New technology could use mobile phones to detect early signs of blindness caused by diabetes

A devastating consequence of diabetes is damage to the retina, and the degeneration of blood vessels in the eye is now the leading cause of blindness in working-age adults,media reported. A team of international scientists has developed a technique that can detect it in the early stages of diabetic retinopathy.

New technology could use mobile phones to detect early signs of blindness caused by diabetes

This method of using standard smartphones as a basis for low-cost diagnosticmethods can greatly improve the medical situation in developing regions.

According to the U.S. National Eye Institute, 40 to 45 percent of patients with diabetic retinopathy in the U.S. become patients, characterized by a leak of blood vessels that cause healthy blood vessels to be replaced, after which excess fluid enters the retina (the photosensitive layer of the eye). Once important oxygen and nutrients are taken away, the retina begins to deteriorate, leading to partial or complete blindness.

Dr Maximilian Wintergerst, of Ophthalmology at the University Hospital of Bonn, said: “If this retinopathy is identified and treated in a timely manner, vision loss can usually be prevented. An important aspect of treatment is better control of diabetes, and it is possible to treat the undersupplied retina with lasers before further problems occur. “

Wintergerst and his colleagues at the University Hospital of Bonn worked with researchers at Sankara Eye Hospital in Bangalore, India, to explore ways to diagnose diabetic retinopathy earlier in developing countries, where health systems often do not have the capacity to widely screen for diabetic retinopathy.

Like many researchers looking for low-cost medical diagnostic solutions, the team has turned to modern smartphones. The researchers experimented with four different methods, using the device’s built-in camera to image the retina and found that one of them produced the clearest imageusing using a special adapter.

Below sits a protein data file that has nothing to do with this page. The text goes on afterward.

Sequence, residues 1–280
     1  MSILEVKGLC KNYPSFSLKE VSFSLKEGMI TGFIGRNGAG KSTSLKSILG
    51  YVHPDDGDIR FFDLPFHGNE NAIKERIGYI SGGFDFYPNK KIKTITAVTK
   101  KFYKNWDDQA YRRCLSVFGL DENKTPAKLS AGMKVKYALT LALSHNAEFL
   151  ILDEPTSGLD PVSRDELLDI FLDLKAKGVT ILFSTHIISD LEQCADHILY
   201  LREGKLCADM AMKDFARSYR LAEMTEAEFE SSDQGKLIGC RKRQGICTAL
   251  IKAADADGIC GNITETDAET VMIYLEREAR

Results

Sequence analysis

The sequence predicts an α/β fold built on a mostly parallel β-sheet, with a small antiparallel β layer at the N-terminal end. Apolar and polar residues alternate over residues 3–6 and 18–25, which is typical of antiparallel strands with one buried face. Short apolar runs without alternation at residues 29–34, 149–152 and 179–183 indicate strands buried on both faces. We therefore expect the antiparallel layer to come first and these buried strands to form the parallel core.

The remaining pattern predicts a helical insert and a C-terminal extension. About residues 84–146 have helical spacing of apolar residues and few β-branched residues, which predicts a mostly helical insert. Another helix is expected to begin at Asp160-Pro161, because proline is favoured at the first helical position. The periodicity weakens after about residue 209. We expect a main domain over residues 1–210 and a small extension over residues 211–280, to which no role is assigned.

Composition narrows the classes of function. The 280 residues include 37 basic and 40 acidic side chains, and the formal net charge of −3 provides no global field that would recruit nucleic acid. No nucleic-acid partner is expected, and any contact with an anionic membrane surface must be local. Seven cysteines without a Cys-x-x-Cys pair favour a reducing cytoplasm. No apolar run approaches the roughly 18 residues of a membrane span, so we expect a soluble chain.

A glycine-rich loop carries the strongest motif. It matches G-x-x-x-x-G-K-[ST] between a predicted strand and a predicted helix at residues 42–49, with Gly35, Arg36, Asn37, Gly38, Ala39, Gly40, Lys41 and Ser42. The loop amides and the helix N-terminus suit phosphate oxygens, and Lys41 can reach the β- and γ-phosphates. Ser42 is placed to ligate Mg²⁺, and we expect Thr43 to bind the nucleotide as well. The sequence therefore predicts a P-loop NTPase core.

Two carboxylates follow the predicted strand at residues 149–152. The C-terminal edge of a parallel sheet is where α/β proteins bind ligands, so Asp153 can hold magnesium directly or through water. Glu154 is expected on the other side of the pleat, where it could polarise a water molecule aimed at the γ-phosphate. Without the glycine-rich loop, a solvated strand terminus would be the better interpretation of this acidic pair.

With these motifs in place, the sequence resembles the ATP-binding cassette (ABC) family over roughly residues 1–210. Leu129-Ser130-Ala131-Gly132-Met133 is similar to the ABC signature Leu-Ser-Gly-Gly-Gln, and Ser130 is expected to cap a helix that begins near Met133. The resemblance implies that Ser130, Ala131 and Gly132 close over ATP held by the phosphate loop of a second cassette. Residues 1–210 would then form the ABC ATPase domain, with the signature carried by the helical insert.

“In our tests, the best results were obtained through a lens adapter attached to a smartphone,” Wintergerst said. It can detect almost 80% of the retina’s changing eyes, even in the early stages. (Also) can even be 100 percent diagnosed with late-stage injury. “

The technique allows trained optometrists to perform an average of one to two minutes by imaging the back of the eye and recording changes in the retina.

Dr Robert Finger, from the University Hospital of Bonn, said: “This means that the test can also be carried out by trained laymen. The images are then sent over the Internet to an ophthalmologist for diagnosis. “

Currently, the team is developing an application that could facilitate such telemedicine. The app will store patient images and doctor’s analysis results in encrypted form, but with further work, the team hopes that AI will be an automatic first step in this diagnostic effort, which is to detect pathological changes in diabetic retinopathy.

The study has now been published in The Journal of Ces.